Teamwork in private equity: not always what you might expect

When private equity firms look to make acquisitions for their portfolio companies, they often assess potential targets through a standard organizational lens.

By Doug Hirschhorn, PhD, and Ben Lefkowitz

Hoosiers. We Are Marshall. Miracle. When people think of the most iconic sports teams in cinematic history, they generally picture team sports – like basketball, football, or hockey – in which the team is far greater than any individual player. Though the teams portrayed in the movies contain talented individual players, their success is inextricably linked to one powerful, almost magical source: team synergy. When team members find a way to unlock the strength of their combined individual potential, their teams are instantly propelled to awe-inspiring triumph. By highlighting team sport greatness, Hollywood inspires viewers to view collaboration as an unstoppable force.

Doug Hirschorn, DRD Advisors

Naturally, private equity firms want to create a similar dynamic for their investments. But it isn’t easy to do so, and the collaboration portrayed in the movies isn’t necessarily the best way to get there.

When private equity firms look to make acquisitions for their portfolio companies, they often assess potential targets through a standard organizational lens. Deal teams primarily look to see if target acquisitions have established themselves as industry leaders, hit their financial projections and been compliant with relevant laws and regulations.

However, successful cultural integration of two or more relatively large companies requires a proactive approach to human capital issues at the senior level. Much like sports teams, management teams are complex groups of skill players in different roles looking to help their teams achieve peak performance. For that reason, assessing teams through a sports team lens is an appropriate way for private equity firms to gauge the strengths, weaknesses, and interests of – and the compatibility between – their company leaders.

Soccer vs. track and field

The majority of organizations fall into one of two operational structures: the soccer team or the track and field team. In soccer team organizations, leaders are both functionally and cross-functionally collaborative, and they can see how their efforts impact the overall business. Metaphorically speaking, leaders work collectively to move the ball down the field so they can take shots and score goals. In track and field organizations, however, leaders collaborate less with other functional areas. These leaders wear jerseys with the same logo as their peers, but they largely perform independently.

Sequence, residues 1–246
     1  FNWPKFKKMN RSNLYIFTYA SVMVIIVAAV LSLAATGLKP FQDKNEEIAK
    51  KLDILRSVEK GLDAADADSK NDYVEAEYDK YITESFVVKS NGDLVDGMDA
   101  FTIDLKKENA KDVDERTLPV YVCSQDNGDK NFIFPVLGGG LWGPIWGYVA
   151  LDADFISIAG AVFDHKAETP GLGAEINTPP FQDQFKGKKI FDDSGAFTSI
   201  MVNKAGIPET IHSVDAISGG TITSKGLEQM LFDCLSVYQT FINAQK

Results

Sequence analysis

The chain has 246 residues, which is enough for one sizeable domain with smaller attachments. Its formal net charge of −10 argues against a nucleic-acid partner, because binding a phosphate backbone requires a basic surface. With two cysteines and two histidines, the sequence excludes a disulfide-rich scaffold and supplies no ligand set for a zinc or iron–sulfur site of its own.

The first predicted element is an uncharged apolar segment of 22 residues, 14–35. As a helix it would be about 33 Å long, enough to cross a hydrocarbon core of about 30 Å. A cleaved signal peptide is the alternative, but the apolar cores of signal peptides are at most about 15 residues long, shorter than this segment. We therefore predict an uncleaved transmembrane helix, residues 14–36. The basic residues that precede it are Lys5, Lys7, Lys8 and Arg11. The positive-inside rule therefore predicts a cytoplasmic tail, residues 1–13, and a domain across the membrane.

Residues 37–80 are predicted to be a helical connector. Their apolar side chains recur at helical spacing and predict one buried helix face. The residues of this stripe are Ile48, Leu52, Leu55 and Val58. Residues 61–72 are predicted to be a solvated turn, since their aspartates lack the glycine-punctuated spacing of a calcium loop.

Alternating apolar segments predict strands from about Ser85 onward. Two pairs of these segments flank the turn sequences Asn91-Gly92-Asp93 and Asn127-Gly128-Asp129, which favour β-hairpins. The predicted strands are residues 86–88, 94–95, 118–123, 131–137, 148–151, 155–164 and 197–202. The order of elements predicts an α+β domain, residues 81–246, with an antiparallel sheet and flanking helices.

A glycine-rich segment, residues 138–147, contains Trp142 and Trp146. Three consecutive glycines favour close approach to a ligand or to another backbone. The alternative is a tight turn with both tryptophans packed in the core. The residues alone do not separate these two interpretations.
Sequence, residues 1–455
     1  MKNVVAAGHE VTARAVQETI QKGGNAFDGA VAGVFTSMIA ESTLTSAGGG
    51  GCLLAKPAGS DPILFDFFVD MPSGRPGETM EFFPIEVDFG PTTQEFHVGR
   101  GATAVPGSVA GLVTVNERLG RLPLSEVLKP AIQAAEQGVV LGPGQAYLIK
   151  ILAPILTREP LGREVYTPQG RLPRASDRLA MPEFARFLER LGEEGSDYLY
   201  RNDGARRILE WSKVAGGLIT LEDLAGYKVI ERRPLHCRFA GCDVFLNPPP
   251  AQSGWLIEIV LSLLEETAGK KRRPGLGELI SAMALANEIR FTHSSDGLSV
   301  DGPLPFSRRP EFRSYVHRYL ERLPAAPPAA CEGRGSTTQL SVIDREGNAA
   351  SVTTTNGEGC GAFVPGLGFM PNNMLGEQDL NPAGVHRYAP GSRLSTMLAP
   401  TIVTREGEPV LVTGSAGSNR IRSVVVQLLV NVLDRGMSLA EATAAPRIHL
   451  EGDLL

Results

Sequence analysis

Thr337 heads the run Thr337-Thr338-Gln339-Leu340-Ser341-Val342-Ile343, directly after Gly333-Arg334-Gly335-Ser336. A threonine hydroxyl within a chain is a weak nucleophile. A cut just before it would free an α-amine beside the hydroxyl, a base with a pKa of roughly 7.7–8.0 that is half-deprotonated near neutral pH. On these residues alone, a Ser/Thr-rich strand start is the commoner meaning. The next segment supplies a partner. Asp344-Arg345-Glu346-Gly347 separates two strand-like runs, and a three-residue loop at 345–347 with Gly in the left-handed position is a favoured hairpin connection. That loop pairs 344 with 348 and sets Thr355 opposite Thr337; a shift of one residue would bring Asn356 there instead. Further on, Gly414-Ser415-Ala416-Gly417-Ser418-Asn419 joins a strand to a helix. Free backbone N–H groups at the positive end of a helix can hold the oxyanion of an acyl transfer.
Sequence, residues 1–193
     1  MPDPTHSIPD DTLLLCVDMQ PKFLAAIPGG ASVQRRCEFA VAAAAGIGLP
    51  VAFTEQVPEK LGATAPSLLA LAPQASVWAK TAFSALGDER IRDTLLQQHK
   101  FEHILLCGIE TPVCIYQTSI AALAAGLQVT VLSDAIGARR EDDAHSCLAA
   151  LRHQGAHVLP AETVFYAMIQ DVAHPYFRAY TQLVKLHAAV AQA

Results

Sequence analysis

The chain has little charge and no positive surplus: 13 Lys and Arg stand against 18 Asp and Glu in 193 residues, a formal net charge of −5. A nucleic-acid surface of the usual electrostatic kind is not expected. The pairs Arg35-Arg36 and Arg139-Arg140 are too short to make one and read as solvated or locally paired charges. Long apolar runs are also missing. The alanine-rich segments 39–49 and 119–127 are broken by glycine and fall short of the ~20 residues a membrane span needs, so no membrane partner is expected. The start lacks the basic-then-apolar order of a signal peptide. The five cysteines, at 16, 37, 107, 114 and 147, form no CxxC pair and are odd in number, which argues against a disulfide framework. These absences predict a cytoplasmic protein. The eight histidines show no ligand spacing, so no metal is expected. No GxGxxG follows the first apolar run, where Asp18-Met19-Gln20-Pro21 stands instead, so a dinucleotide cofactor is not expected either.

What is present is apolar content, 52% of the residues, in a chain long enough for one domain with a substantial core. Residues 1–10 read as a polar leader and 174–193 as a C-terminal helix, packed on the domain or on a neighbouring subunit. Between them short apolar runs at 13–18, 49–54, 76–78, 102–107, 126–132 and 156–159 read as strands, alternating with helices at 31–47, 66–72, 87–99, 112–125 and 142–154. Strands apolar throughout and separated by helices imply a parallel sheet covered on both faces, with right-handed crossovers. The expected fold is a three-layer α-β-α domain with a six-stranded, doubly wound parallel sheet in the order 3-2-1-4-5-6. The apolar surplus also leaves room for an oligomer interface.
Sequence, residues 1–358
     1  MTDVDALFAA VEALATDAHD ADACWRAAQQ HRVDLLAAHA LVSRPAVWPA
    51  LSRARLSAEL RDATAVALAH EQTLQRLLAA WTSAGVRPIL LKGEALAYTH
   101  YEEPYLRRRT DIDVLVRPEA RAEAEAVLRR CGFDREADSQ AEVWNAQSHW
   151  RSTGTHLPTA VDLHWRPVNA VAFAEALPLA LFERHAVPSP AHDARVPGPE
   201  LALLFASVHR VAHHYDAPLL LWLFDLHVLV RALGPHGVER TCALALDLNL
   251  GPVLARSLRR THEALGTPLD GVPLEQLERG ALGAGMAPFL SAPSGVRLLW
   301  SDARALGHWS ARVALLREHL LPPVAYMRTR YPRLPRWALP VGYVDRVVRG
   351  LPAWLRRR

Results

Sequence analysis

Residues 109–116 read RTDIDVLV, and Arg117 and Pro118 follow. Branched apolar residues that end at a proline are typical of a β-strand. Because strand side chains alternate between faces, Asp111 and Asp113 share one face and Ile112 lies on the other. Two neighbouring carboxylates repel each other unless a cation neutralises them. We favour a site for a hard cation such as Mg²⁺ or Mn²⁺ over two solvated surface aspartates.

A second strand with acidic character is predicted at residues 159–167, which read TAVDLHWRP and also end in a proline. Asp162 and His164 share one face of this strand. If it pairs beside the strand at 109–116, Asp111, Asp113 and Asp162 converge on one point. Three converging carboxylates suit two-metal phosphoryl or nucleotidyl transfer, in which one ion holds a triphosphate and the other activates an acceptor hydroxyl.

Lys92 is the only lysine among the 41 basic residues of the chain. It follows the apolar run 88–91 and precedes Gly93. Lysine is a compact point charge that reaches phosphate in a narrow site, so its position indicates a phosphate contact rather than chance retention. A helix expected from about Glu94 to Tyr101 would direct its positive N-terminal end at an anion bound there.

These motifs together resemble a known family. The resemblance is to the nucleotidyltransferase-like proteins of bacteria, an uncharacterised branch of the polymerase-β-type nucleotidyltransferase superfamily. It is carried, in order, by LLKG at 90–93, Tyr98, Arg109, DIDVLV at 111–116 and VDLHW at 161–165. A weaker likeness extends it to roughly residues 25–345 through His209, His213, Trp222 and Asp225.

Ben Lefkowitz, DRD Advisors

Deal teams may assume that the soccer team model is better but both operational structures can be effective.

Consider this hypothetical merger of two mid-market companies:

The portfolio company is a soccer team organization in which the CEO holds weekly management team meetings to maintain a culture of collaboration. Such meetings allow the CEO to inform department leaders how they each need to be contributing to the company’s larger strategy, helping them stay up to date on what other leaders are working on. Leaders are encouraged to interact on a regular basis, and this culture of collaboration enables the company to meet its financial projections and function smoothly.

The target company is a track and field team organization in which the management team operates in a more fragmented manner. Leaders work diligently in their areas of expertise and trust that their colleagues are doing the same in other domains. Viewing constant collaboration as unnecessary and even unmotivating, department leaders have each independently thrived in this operational structure. Like the soccer team organization, the company has emerged as an industry leader, placing it on the radar of the private equity firm deal team.

Following standard diligence, the deal team determines that acquiring the target is an attractive growth opportunity and moves forward with the transaction. The deal team and portfolio company management team then insist that the target’s department leaders assimilate to the soccer team culture. It doesn’t occur to them that these leaders would struggle to work within what has been such an effective operating structure.

Unfortunately, the target’s department leaders are overwhelmed by the substantial emphasis on meetings and collaboration, and they yearn for their previous culture of independence and autonomy. As a result, the combined management team becomes dysfunctional, jeopardizing the success of the acquisition.

This hypothetical scenario has occurred many times. It demonstrates that what works for one organization doesn’t necessarily work for another – and that bringing the two together can expose serious incompatibility. To ensure a harmonious integration and a successful add-on acquisition, private equity deal teams need to make considerable effort to fully understand the cultural models of both their existing portfolio companies and their targets. And only with that understanding can deal teams find ways to maintain and blend important cultural elements of both companies.

Though a sports team lens is vulnerable to nuance, it is a thought-provoking framework through which deal teams can address the cultures under which their leaders thrive. By doing so, deal teams can create the team success depicted in the movies for their investments, but the magic of collaboration isn’t necessarily what drives it.

Doug Hirschhorn, PhD, is CEO, and Ben Lefkowitz is senior associate of DRD Advisors, a boutique leadership advisory firm that specializes in assessing and developing private equity-backed management teams.